sprouse left halston in 1975 and moved to the bowery, where he lived upstairs from blondie’s debbie harry and became involved in the downtown punk and arts scene. she photographed rock bands, created large screen prints and photocopied posters of musical figures, as well as designed clothing. She received her first wave of attention in 1978 for designing the dress that Debbie Harry wears in the music video for “Heart of Glass,” which featured a photocopy of television static. In the time between leaving Halston and introducing his first collection in 1983, Sprouse was working primarily as a visual artist and had become a fixture in the downtown milieu that included Jean Michel-Basquiat, Keith Haring, rock bands in the mudd club (the hub’s answer to uptown’s glamorous studio 54), and andy warhol, whom they idolize.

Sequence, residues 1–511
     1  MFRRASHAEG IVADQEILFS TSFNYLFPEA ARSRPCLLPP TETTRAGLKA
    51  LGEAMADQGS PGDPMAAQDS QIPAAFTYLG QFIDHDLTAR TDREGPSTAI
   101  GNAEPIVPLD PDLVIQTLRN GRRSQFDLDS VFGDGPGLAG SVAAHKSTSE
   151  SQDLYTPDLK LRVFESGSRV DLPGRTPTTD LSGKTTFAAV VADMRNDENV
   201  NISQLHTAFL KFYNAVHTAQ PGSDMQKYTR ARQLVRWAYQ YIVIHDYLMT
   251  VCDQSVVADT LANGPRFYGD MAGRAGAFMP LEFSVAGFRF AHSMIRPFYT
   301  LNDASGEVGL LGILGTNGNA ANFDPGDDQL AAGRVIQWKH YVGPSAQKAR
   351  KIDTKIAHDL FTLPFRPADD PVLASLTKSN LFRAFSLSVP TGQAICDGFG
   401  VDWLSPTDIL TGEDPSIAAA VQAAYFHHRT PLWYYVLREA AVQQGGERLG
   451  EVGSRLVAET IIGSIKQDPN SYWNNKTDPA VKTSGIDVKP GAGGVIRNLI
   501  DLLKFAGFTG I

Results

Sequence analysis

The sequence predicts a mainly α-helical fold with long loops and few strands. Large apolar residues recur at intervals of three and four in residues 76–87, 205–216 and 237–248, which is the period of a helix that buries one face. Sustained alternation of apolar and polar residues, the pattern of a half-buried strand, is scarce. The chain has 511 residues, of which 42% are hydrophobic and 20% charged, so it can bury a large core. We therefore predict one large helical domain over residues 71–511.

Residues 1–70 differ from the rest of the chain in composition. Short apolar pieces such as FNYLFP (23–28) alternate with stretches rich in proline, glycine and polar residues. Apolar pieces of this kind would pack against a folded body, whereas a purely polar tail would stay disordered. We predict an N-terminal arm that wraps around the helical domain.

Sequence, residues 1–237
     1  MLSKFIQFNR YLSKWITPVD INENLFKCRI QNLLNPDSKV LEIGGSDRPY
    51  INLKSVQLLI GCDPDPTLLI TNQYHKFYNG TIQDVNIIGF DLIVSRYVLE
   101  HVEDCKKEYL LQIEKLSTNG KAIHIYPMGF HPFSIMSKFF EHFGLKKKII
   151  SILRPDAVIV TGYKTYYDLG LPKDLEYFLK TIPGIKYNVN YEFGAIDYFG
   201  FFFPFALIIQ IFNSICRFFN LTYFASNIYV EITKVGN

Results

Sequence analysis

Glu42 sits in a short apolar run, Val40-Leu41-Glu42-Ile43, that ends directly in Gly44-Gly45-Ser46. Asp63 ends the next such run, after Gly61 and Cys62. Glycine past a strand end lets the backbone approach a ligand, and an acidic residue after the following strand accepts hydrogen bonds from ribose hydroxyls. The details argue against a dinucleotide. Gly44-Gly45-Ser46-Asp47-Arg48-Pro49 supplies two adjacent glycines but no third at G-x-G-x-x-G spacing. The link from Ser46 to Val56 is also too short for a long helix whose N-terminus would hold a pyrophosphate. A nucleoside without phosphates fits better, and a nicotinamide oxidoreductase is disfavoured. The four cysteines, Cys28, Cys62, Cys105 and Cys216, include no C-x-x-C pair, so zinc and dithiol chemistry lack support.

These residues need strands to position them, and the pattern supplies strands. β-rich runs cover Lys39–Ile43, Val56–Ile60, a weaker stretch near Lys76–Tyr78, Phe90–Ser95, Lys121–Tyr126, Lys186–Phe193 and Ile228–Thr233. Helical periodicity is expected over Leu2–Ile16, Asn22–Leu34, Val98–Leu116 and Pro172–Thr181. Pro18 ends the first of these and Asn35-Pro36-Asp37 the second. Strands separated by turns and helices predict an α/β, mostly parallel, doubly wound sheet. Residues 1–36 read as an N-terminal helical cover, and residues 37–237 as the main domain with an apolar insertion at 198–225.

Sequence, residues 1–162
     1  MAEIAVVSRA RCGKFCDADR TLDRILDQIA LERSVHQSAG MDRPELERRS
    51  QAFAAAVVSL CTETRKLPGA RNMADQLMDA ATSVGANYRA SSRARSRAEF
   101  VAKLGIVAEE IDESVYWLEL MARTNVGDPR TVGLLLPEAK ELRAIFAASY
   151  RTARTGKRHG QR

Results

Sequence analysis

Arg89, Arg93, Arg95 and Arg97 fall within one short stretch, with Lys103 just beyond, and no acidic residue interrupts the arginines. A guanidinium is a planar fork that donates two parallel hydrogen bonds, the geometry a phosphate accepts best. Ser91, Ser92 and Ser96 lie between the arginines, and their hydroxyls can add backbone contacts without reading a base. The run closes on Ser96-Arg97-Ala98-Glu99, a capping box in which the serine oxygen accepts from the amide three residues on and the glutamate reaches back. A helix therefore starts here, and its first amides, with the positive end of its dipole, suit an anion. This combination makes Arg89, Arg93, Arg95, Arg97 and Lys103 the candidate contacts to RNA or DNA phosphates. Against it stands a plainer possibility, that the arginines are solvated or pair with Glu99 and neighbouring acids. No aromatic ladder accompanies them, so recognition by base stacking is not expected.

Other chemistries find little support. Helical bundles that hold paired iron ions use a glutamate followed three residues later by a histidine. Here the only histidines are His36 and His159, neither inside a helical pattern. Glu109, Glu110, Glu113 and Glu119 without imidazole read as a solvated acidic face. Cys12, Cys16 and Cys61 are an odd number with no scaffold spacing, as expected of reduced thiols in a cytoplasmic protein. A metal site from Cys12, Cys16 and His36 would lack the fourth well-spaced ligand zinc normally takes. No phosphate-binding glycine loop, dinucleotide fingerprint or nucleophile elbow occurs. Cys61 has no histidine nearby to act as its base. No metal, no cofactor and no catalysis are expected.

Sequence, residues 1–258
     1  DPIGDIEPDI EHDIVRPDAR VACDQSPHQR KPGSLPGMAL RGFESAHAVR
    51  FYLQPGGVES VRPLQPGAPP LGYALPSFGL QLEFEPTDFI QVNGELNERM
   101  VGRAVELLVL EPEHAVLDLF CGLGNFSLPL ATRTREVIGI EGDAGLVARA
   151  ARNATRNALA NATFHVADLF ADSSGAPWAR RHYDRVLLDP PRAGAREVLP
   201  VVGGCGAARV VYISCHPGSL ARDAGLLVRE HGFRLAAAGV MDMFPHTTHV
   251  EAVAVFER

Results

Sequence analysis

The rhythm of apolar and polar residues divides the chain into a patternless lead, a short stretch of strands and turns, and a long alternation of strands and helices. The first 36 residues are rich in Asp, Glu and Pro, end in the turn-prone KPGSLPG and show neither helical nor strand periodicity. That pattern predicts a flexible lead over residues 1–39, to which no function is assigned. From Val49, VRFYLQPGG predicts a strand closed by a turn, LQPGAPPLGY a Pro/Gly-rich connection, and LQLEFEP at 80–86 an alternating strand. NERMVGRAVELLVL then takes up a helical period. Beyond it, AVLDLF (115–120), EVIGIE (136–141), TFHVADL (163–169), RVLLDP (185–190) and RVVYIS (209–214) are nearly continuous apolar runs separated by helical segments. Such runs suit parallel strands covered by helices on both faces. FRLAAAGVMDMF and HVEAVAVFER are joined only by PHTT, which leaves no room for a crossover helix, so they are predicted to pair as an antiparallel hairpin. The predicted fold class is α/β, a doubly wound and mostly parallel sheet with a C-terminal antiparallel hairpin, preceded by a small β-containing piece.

Sprouse received further attention after he competed in a contest for young designers in 1983 sponsored by the Polaroid Corporation, which led to orders for products from Bergdorf Goodman and Henri Bendel. He debuted his first collection on May 1, 1984 at The Ritz East Town Club, where 2,500 people (including Warhol) attended. the collection, and its presentation, was radical. Models with dark eyes and choppy haircuts paraded down the runway to blaring punk music and strobe lights, and the star of the show was Sprouse’s muse, transgender model Teri Toye. Featuring daytime garments, some oversized and boxy, others a direct reference to 1960s mod style, scrawled with Sprouse’s own handwritten graffiti, the collection was executed with an incredibly high level of couture materials and tailoring. . After the show, Warhol traded two portraits for the entire collection, and Sprouse became New York City’s most in-demand designer. Sprouse melded the worlds of art, fashion and punk, with a deep understanding of history and an eye for the future, all while challenging notions of status and luxury with a rebellious and irreverent attitude.